Figure 434
Capitate bone and lateral, medial view - Figure 434
THE HAMATE BONE [OS HAMATUM]

The hamate bone (fig. 435) can be identified easily, by its wedge-shaped form and the hook-like process which projects from the distal part of its rough, anterior surface. The concavity of the hook is directed to the lateral side, and takes part in the formation of the carpal tunnel. Its tip gives attachment to the flexor retinaculum (transverse carpal ligament), and more medially to the flexor and the opponens digiti minimi. The distal aspect of the base of the boot, occasionally shows a slight transverse groove for the deep terminal branch of the ulnar nerve. The rest of the anterior surface, like the posterior surface, is rough for the attachment of ligaments. The distal surface is divided into two articular surfaces by a faint ridge : of these, the smaller. lateral facet articulates with the base of the fourth, and the larger, medial facet with the base of the fifth metacarpal bone. The proximal aspect forms the cutting edge of the wedge and usually bears a narrow facet for articulation with the lunate bone. The medial aspect is covered by a broad articular strip, convex above and concave below, for the triquetral bone. The lateral aspect articulates with the capitate bone by means of a facet which covers all but the antero-inferior part of the surface.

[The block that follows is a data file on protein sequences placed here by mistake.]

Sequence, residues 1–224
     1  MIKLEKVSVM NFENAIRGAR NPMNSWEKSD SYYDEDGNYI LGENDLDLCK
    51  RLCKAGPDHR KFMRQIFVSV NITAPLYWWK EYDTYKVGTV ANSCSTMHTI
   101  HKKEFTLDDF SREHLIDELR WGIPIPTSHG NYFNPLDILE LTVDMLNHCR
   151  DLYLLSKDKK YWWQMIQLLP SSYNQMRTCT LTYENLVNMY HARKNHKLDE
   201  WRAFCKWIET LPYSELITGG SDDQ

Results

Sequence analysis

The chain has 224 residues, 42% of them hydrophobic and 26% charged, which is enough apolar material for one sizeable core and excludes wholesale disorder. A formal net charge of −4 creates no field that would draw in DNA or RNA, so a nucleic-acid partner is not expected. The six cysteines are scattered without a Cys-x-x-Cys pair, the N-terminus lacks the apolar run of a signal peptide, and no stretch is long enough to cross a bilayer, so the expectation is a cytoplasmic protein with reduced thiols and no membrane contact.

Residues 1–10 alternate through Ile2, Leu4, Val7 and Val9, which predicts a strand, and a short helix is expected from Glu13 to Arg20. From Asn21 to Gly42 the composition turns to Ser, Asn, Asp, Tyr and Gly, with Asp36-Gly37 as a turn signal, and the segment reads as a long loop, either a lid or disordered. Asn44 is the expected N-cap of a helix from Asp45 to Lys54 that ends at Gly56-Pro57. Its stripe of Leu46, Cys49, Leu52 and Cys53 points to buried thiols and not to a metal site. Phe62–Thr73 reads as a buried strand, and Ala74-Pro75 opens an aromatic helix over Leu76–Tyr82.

Figure 435
Hamate bone and medial, inferolateral view - Figure 435

 


Previous | Next

Leave a Reply

Your email address will not be published. Required fields are marked *